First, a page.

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Car Insurance for New Vehicles

The cost of car insurance for new vehicles is almost always a concern for drivers who have just bought a new car, truck, or SUV. But truthfully, we ought to attend to this important detail as a part of the process of deciding what kind of vehicle to purchase in the first place. There is no getting around it: auto insurance for new vehicles costs more than it does for older ones. For one thing, we have to carry more coverage on new vehicles. And for another, insurers are protecting more-newer cars and trucks are worth more than older ones. It stands to reason that paying higher prices is inevitable.

But this does not mean you have to bury yourself in high auto insurance premiums just because you are purchasing a new vehicle. Car insurance for new vehicles is itself a major purchase, one you should plan for and do some thinking about before you ever write a check for coverage. Having a broader understanding of car insurance and its role in the total financial cost of a new vehicle helps auto shoppers not only pick out more economical cars, but also better insurance coverage that provides more value.

Drivers Must Have Auto Insurance

Whether your vehicle is old or new, you must have auto insurance to legally drive on the road. This is true in virtually every area of the country. The different states all have different specific ways of looking at auto coverage, but they all have some sort of requirement for carrying auto liability insurance. So if you are an auto owner, you know right from the get-go that you are in for at least an auto liability policy.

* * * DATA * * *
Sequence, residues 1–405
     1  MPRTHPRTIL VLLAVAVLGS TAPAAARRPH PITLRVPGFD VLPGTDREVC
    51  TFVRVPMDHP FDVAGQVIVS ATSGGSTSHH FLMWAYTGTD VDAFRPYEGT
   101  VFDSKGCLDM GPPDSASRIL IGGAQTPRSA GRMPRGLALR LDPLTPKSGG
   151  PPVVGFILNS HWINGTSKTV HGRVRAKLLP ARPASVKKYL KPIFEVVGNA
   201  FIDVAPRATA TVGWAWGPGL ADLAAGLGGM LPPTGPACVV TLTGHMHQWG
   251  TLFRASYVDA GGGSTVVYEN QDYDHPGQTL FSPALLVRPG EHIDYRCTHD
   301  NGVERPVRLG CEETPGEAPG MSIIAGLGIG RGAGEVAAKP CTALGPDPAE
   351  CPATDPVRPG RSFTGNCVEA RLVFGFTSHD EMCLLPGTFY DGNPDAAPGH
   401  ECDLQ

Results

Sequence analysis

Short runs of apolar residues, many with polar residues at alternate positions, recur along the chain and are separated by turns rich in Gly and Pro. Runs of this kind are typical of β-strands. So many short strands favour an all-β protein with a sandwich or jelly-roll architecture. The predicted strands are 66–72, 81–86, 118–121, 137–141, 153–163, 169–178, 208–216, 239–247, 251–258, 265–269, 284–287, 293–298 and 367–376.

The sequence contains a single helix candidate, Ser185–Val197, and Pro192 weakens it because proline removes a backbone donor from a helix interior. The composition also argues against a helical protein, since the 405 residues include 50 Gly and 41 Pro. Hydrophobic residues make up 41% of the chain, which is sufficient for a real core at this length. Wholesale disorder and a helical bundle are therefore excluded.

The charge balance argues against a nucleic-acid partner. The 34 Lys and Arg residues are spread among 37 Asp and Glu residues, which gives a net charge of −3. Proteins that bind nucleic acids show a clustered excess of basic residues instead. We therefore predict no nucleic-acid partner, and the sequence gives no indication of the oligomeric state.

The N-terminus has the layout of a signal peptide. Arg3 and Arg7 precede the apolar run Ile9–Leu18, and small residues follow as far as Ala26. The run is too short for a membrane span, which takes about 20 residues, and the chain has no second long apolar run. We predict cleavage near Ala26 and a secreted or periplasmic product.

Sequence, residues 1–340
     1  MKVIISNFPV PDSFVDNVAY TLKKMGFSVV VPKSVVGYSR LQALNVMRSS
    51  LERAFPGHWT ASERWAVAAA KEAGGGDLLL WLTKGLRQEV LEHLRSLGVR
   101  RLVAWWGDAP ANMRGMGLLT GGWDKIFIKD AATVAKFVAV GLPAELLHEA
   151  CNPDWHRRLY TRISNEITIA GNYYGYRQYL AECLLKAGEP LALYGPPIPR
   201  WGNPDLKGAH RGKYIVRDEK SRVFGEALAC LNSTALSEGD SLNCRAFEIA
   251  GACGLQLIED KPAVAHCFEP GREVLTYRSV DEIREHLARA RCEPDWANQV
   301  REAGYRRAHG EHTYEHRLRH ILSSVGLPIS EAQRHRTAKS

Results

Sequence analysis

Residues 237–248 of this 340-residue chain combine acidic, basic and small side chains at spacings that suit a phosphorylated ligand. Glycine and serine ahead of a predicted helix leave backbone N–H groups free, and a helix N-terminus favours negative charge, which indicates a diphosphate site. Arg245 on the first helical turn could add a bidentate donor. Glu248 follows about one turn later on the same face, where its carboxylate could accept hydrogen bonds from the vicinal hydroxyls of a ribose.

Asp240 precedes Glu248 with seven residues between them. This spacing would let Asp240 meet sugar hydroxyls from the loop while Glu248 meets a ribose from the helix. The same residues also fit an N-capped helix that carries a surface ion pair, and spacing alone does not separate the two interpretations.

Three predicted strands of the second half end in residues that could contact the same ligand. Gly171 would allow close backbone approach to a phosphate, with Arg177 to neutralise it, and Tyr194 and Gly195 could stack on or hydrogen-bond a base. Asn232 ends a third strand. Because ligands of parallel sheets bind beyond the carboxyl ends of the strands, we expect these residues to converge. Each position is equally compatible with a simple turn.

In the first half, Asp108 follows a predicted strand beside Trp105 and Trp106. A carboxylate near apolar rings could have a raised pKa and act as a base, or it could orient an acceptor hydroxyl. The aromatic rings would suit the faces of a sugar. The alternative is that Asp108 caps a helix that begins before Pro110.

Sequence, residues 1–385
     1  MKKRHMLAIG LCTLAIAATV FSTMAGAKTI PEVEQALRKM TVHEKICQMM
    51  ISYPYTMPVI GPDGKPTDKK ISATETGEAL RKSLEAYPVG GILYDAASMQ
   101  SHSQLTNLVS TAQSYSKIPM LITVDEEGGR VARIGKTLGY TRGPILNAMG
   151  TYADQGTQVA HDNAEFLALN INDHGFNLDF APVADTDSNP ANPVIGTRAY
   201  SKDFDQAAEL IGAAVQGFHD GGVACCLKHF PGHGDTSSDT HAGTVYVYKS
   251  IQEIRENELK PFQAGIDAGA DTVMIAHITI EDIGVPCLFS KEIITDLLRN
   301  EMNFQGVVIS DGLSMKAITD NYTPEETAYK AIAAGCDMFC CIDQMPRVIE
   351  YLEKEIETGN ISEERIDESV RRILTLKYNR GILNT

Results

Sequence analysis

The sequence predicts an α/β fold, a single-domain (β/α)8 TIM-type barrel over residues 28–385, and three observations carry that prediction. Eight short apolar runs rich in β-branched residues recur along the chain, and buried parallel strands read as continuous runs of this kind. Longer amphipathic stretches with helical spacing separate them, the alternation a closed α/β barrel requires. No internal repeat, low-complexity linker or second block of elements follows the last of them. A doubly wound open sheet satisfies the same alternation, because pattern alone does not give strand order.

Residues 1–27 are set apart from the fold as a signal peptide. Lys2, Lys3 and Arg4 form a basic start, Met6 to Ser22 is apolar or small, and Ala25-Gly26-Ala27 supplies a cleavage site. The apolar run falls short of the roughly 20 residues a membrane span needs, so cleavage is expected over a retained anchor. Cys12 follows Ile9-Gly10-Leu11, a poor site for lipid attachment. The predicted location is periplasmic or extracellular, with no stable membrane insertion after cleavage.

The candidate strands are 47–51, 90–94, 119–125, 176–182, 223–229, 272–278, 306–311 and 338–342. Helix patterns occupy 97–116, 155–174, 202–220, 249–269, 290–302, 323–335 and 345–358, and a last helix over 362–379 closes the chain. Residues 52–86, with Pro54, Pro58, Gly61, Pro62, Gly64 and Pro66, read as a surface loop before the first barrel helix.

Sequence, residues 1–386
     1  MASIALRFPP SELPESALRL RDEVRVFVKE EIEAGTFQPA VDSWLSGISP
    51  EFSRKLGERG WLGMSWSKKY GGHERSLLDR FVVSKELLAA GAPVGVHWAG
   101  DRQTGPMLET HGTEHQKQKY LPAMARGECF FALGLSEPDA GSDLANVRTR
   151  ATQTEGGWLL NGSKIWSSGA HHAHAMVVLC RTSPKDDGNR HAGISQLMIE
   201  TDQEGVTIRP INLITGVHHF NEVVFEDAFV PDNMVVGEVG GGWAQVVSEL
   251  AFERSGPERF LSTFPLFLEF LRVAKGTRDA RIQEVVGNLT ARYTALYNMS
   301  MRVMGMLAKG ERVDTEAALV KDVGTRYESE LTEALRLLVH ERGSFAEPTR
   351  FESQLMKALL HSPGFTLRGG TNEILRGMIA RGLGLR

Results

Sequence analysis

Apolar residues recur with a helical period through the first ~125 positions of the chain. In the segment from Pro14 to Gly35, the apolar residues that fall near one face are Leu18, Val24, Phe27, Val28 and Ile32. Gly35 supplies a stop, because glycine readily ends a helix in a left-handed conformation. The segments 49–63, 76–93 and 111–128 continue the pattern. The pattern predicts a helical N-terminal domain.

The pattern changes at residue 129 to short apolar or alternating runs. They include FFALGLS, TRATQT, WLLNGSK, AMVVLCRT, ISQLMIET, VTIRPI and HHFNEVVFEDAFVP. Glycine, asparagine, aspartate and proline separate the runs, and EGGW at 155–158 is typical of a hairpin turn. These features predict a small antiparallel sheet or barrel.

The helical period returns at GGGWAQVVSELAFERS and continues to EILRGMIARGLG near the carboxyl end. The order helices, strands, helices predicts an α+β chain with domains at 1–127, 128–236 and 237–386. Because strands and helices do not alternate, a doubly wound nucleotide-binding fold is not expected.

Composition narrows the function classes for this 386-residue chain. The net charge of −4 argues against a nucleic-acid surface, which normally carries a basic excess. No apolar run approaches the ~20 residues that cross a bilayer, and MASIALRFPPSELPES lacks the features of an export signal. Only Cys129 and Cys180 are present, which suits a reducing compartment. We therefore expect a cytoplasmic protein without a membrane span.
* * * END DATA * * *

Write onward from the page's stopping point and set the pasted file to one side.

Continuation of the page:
But for new vehicle owners, the situation can get a little murkier. States do not have many specific provisions in their car insurance law books dealing with financed vehicles and the extra need for coverage drivers may have as a result of the ownership status of these vehicles while they are being paid off. However, lien holders generally go further than most states will, by requiring certain types of coverage for cars being financed or leased.

Auto liability coverage essentially protects the covered driver financially, but provides no protection for the covered vehicle. As a policy holder with liability coverage, you are protected from bearing direct financial responsibility for the costs of medical care and property repairs or replacement that come about in the aftermath of an accident. In an auto liability policy, there are separate provisions for bodily injury and property damage coverage. Still, auto liability insurance does nothing to protect your new car or truck in the event of an accident or any other claim event. When you purchase a new vehicle, liability protection ought to be just one part of the overall auto protection package.

Collision and Comprehensive Auto Insurance

Although state car insurance law does not mandate collision and comprehensive insurance (or generally any coverage beyond liability protection), these two areas of coverage are necessary for many drivers nonetheless. If you are leasing a vehicle, or if you are financing your new car purchase with a bank or other lending institution, you will need to carry collision and comprehensive to protect the lender's investment in the vehicle-and yours as well. Collision and comprehensive are both very useful to new car owners, so the fact that you may be forced to add them to your auto policy is really not a tragedy. True, they will add to the cost of your policy, but they will also greatly increase its value to you if you ever run into a claim situation.